Other companies need to conduct a reality check. As an Asian-American female, Angela Lee, an M.B.A. student at the Columbia Business School in New York, is interested in companies with strong diversity programs surrounding gender and race. That was one of the reasons she attended a two-day event hosted by a national consulting firm that promoted diversity and introduced students to 30 different senior partners.
But there was one small problem.
"Not one of them was female," she says. "Ninety percent were Caucasian. They threw diversity in [their presentation], but it was apparent. The proof was in the pudding."
Students can sense when recruiters are insincere. No campus recruiter is above reproach. The report recommends that companies conduct mandatory interview training for all interviewers and carefully screen and select representatives who are enthusiastic about their jobs and can offer students positive impressions of their companies.
According to the CMR, students are relying on company Web sites more than company brochures as their main source of information. The report says students pay little attention to brochures because they typically offer less information than Web sites, aren't updated as often, aren't interactive and are often saccharine-sweet.
The on-campus information session has also lost some of its market share and importance, due, in part, to other tactics such as small-group sessions, says Pollock at WetFeet. While information sessions can prompt some interest, he says, it's not enough to persuade prospects to come on board.
What's more, recruiters no longer need to address their companies' histories at such sessions. "You should assume that everybody who's seriously interested in your company has been to your Web site -- don't waste time on that stuff," he says. "What they really want to know is what it's like to work for you, what your people are like and what they can do to succeed in the interview process."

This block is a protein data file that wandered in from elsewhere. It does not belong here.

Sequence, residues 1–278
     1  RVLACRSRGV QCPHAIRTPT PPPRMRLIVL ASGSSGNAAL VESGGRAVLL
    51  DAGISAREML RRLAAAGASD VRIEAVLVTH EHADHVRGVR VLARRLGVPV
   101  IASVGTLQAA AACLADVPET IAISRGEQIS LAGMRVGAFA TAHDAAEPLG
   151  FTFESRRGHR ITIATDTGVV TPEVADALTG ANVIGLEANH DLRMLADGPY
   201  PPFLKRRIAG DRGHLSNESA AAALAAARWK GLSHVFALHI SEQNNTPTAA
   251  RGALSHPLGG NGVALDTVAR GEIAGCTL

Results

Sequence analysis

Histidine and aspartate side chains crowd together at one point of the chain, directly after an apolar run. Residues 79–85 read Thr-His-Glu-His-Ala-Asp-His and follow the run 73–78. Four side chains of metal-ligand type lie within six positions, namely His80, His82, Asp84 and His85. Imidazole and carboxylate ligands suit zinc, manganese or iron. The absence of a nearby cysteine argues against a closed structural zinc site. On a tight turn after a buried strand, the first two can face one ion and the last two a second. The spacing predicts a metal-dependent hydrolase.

That's why BDO Seidman sponsors informal student gatherings, such as tailgate parties, where recruiters talk about their two favorite topics: the firm and football, says Larry Oberst, an assurance partner there who also participates in campus recruiting in western Michigan.
Likewise, during finals week, the firm sends accounting students and their professors a survival basket, filled with fruit or specialty coffee and baked goods. He says recruiters always share information about the firm's jobs, programs and career opportunities with professors in hopes they will speak favorably about the company to students who may one day become employees.
Because the firm's partners also help in the recruitment process, he says, they're able to answer specific job-related questions from students, giving them a realistic idea about what it's like to work for the company.
"There's constant one-on-one contact in more relaxed and informal settings," he says. "It's not just a one-and-done scenario. It gets back to [showing] them we have an interest in them as people, too."
New York-based L'Oreal USA Inc. foresaw this same shift in recruiting practices (interests) years ago and changed its integrated marketing campaign for campus recruiting, says David Greenberg, the company's senior vice president of HR.
Called, "To Build Beauty, We Need Talent," the campaign includes an information session where attendees receive product samples, listen to a senior executive who shares some strategic aspects of the business and watch a company video that focuses on the company's products, models, advertising, strategy and research. Afterward, students chat with a handful of senior executives and junior managers during a one-hour meet and greet.
According to Greenberg, students who attend information sessions usually have preconceived ideas about a company.
So these sessions need to elevate their knowledge by introducing them to the real world -- the company's business challenges, products, culture and people.
"We're trying to build our future," he says. "Our future really starts with this effort ... . Each year, we try to look for the best, the compelling, most astute and curious people that we can find on campus."